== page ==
No one likes to be stuck in traffic when they're hungry or thirsty. So make sure you bring along some snacks and drinks to keep you going. If you're driving, keep a cooler in the backseat filled with cold drinks and snacks like chips, crackers, and fruit. If you're taking public transport, pack a small bag with a water bottle and some non-perishable snacks like granola bars or nuts.

    That being said, no matter how much you love McDonald's, it's probably NOT a good idea to dapao a Double McSpicy for the road. Nor would we recommend bringing a Venti-sized Starbucks coffee, even if you can foresee yourself having to stay awake to drive through the night. Short of doing your business in a bush, our Malaysian kaki points out that Tuas checkpoint has a nearby petrol station, but that Woodlands doesn't, so if you're desperate for a toilet, you'll need to walk back to the checkpoint to relieve yourself.

    6. Give your car engine a break

    Traffic jams can be a major source of air pollution, which is why it's important to be an eco-friendly driver when stuck in traffic. Here are some tips:

    • Turn off your engine: If you're going to be stuck in traffic for more than a minute or two, turn off your engine. Idling for long periods of time can produce more pollutants than if you were driving.

    • Maintain your car: Regular maintenance can help keep your car running efficiently, which reduces emissions. Make sure your car is properly tuned up and your tires are inflated to the correct pressure.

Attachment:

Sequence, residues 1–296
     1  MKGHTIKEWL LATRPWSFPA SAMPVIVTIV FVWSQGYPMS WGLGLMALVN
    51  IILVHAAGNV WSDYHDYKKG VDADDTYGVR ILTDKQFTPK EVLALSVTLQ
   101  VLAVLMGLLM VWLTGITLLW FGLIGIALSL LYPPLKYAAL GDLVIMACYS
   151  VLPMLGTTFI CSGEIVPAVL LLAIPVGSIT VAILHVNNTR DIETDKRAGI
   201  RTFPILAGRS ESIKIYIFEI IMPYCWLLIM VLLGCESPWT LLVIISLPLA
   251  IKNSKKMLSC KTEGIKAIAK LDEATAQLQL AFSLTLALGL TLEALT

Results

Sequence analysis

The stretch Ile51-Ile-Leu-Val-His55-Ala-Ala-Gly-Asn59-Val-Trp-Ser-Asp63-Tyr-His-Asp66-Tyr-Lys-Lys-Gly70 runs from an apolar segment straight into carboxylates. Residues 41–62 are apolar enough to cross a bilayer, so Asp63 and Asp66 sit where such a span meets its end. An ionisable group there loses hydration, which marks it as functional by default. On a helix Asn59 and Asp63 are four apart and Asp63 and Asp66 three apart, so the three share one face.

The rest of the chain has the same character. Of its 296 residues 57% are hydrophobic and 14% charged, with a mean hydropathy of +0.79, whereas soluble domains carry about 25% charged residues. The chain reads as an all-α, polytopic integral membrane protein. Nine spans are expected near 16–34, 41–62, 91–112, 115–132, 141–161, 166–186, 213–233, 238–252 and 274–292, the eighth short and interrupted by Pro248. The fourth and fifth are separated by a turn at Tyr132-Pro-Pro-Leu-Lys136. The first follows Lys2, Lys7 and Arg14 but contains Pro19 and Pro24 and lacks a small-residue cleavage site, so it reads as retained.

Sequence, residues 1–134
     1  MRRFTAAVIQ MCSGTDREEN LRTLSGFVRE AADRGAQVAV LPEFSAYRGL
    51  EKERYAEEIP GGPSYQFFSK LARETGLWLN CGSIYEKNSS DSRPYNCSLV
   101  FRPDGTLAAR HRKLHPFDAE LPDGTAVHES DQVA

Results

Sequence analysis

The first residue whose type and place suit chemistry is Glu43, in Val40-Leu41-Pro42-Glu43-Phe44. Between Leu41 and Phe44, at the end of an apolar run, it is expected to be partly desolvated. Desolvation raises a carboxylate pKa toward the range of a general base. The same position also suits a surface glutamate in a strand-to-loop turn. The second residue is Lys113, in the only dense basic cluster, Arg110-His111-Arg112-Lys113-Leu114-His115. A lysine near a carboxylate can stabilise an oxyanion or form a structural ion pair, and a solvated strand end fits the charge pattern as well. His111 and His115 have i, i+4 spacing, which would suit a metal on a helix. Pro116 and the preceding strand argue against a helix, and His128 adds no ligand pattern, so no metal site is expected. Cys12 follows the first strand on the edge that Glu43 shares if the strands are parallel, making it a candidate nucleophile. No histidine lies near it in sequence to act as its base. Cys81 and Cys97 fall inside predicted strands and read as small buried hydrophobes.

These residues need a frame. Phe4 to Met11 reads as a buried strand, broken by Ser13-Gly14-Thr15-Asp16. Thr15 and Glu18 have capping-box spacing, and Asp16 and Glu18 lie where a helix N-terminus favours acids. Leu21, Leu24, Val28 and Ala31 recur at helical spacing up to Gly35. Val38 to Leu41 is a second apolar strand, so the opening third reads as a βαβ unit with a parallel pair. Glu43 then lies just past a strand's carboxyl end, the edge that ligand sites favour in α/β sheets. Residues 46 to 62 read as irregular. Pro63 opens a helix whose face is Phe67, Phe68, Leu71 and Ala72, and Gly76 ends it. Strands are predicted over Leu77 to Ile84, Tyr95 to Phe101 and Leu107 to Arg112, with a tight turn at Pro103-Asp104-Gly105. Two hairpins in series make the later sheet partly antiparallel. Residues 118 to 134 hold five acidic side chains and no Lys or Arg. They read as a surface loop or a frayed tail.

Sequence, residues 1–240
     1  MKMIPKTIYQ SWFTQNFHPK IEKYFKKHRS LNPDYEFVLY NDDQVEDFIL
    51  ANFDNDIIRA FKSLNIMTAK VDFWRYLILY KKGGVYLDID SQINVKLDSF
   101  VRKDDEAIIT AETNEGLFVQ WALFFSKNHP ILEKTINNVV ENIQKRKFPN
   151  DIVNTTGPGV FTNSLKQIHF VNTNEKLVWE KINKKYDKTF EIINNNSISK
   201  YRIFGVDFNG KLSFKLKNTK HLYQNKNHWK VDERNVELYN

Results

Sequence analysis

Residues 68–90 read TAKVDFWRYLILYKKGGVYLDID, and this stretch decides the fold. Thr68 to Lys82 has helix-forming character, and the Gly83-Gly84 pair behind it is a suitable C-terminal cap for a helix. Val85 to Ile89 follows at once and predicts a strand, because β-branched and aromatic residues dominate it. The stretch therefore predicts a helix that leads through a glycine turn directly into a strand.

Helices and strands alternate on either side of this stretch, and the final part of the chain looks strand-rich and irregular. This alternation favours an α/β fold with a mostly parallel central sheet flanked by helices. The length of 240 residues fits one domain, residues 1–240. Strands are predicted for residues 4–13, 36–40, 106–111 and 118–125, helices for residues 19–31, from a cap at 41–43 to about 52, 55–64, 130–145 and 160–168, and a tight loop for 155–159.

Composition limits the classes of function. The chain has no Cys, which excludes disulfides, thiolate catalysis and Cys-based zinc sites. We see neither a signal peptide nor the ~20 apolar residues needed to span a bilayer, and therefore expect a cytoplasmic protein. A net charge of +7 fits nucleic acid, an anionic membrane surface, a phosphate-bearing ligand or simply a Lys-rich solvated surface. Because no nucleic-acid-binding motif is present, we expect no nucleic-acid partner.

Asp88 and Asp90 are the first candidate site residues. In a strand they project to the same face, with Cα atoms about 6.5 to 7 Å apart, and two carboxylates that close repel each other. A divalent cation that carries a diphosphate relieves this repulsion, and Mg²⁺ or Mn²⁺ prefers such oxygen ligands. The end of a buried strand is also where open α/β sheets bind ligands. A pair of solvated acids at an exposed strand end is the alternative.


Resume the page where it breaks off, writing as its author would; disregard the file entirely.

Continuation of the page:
• Carpool or take public transport: One of the most effective ways to reduce emissions is to carpool or take public transport. If you're traveling with friends or family, consider sharing a car. Or, if you're a public transport commuter, take advantage of the many bus and train options available.

    • Avoid aggressive driving: Accelerating and braking aggressively can increase your car's emissions. Try to maintain a steady speed and avoid sudden stops and starts.

    By following these eco-friendly driving tips, you'll not only reduce emissions but also save money on gas. So, the next time you're stuck in a traffic jam, do your part to help protect the environment.

    7. Stay safe

    Last but not least, it's important to stay safe when stuck in traffic. If you're driving, keep a safe distance from the car in front of you, and be aware of your surroundings. If you're a public transport commuter, stay vigilant of your belongings and avoid leaving them unattended.

    Bonus Tip: Learn to laugh about it

    Let's face it, being stuck in traffic isn't anyone's idea of a good time. But sometimes, you just have to laugh it off. Make light of the situation by telling some jokes or playing a game with your fellow commuters. You'll be surprised how quickly time flies when you're having fun.

    While being caught in an unexpected traffic jam between Singapore and Malaysia can be frustrating, it doesn't have to ruin your day. Stay calm, plan ahead, don't forget to use the bathroom ahead of time. Safe travels!